The other scenerio with neighbours who know nothing about cattle are ones that get cows and decide not to breed them, fortunately I don't have any next to me but a fellow down the road has about 8 cows now and about 3 years ago he decided he had enough now and so has not had a bull with his cows. My neighbour Trevor breeds Simmental and his paddocks adjoin them and I saw his vehicle yesterday parked on the road where he had walked into their place to find his bull. Last year I sold a bull for $8000 to another neighbour who has a paddock over the road from these cows and just after I dropped the bull off he was trying to mount a young cow over the fence who had got out and crossed the road to get to the bull. The bull I sold was to replace another bull that was in that paddock that had badly damaged his tackle probably trying to work over this same fence.

Ken
 
The other scenerio with neighbours who know nothing about cattle are ones that get cows and decide not to breed them, fortunately I don't have any next to me but a fellow down the road has about 8 cows now and about 3 years ago he decided he had enough now and so has not had a bull with his cows. My neighbour Trevor breeds Simmental and his paddocks adjoin them and I saw his vehicle yesterday parked on the road where he had walked into their place to find his bull. Last year I sold a bull for $8000 to another neighbour who has a paddock over the road from these cows and just after I dropped the bull off he was trying to mount a young cow over the fence who had got out and crossed the road to get to the bull. The bull I sold was to replace another bull that was in that paddock that had badly damaged his tackle probably trying to work over this same fence.

Ken
Yeah, I've heard of some of those kind too.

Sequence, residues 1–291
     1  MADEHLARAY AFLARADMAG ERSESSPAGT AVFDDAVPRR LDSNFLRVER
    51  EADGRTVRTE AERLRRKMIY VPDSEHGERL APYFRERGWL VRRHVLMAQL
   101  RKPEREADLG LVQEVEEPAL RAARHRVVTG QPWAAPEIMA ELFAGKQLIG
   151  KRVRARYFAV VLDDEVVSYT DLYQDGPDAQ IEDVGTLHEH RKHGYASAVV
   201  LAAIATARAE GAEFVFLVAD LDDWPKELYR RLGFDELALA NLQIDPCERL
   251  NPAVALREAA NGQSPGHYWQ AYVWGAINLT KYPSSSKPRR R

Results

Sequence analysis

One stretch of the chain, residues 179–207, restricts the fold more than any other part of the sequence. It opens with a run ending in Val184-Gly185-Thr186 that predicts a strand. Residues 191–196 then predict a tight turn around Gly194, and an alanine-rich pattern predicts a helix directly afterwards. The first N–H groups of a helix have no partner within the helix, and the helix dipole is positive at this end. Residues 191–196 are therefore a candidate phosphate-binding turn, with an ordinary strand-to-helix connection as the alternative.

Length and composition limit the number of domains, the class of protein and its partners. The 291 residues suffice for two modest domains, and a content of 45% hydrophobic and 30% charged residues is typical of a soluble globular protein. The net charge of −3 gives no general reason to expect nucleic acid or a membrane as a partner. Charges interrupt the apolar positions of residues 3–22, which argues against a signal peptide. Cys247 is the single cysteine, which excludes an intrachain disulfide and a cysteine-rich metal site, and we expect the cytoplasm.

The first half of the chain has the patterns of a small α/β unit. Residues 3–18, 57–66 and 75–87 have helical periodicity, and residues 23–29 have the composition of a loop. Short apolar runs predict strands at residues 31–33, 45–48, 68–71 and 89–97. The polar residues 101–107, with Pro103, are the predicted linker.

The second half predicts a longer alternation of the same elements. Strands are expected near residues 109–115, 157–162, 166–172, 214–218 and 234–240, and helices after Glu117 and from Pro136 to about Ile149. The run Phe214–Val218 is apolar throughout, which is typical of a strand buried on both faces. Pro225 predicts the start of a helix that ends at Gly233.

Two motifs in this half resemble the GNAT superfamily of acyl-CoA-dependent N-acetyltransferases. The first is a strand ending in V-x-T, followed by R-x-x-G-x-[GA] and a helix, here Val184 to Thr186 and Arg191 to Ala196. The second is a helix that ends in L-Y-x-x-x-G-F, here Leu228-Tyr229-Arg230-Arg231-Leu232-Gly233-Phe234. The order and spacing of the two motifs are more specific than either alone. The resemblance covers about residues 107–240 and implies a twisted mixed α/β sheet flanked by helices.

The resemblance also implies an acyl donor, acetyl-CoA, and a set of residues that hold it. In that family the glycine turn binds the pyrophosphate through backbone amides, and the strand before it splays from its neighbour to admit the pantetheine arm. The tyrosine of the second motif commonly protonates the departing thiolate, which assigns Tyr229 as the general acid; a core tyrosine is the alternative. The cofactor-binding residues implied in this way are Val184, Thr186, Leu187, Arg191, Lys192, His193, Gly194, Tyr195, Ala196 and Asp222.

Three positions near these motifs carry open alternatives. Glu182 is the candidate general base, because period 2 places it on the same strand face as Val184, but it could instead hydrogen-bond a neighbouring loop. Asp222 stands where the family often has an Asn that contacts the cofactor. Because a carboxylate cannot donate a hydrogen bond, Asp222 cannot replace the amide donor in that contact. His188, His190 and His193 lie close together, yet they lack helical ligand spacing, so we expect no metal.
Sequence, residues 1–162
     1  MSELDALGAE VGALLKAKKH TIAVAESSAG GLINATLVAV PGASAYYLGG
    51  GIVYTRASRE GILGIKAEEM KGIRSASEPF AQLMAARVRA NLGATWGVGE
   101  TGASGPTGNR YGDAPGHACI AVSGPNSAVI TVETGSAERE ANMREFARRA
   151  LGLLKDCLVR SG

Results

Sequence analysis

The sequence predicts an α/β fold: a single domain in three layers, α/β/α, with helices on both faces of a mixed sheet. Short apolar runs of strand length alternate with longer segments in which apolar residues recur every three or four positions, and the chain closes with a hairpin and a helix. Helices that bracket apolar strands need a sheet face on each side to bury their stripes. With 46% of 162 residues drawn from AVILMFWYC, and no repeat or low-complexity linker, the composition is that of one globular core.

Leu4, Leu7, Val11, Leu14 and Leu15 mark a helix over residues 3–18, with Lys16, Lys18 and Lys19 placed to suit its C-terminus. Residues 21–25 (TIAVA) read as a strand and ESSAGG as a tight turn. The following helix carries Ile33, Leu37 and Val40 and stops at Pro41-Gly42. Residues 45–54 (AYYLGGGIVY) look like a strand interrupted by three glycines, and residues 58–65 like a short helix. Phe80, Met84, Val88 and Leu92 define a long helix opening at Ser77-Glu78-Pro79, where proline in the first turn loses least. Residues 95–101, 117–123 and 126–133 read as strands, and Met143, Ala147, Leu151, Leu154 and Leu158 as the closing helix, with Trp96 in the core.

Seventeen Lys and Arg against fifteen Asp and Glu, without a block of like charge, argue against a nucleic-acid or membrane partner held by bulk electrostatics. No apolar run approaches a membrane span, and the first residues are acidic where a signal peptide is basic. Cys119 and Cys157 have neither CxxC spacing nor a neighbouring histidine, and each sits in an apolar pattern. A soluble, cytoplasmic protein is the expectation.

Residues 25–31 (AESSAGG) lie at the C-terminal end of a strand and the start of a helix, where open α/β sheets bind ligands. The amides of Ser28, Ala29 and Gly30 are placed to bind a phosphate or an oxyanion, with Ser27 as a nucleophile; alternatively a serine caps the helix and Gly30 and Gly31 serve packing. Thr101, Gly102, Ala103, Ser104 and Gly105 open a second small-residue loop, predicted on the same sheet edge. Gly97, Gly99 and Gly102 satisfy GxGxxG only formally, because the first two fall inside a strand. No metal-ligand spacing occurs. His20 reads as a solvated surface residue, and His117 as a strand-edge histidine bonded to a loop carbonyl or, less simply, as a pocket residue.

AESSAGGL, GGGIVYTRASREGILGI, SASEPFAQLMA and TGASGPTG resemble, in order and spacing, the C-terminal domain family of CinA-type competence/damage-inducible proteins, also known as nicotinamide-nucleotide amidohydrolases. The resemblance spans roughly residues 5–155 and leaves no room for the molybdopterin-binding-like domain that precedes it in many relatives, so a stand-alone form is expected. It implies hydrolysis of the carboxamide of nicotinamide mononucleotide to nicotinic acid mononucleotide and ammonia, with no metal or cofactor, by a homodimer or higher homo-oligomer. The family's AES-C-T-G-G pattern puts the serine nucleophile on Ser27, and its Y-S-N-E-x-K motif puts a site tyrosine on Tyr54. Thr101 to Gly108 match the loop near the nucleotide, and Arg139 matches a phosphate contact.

I don't know if it's true or not but several years ago somebody said they were talking to a fellow that had several cows for a a couple of years and wondered why he didn't have calves. Man asked him how old his bull was and his reply was he didn't have a bull.
 
The last time the neighbors three year old steer tore up the fence and came into my pasture the neighbor commented that he thought I had electric fence. I told him I did, my electric is set up to discourage the critters from pushing on the woven wire and it keeps my cattle in. Told him I am not responsible for keeping his cattle in. That is his responsibility to keep his cattle on his place.

Chased the one neighbors jersey bull out of my yard with a mop at 11 pm one night. Between the jersey bull and their horses the yard fence
doesn't look to good. Put a hot wire up, I thought the first horse that connected with it was going to knock down some merchantable timber.

Neither neighbor ever checks fences, seldom ever repairs them.

I have so far not had problems with bulls at the one pasture I use. There is barb on top of woven wire.. I installed two hot wires on the neighbors side of the fence and two hot wires on my side. The bulls chat back and forth, but so far have not pushed it.
 
Vet came, said he is stifled.
Hope your cow is doing better.
Oh dang, that sucks! Yes, it's possible with confinement and a lot of TLC for SOME of them to recover, but is that the logical thing to do? In my case, no. I had to sell an awesome 3-year-old bull that stifled, so I feel your pain.

My cow is still eating, drinking, moving, alert. But still down.
 
Oh dang, that sucks! Yes, it's possible with confinement and a lot of TLC for SOME of them to recover, but is that the logical thing to do? In my case, no. I had to sell an awesome 3-year-old bull that stifled, so I feel your pain.

My cow is still eating, drinking, moving, alert. But still down.
Yeah, even if he recovers he is likely to get hurt again.
Hate that you're cow is still down. I know it's extra work to have to care for them like that on top of everything else.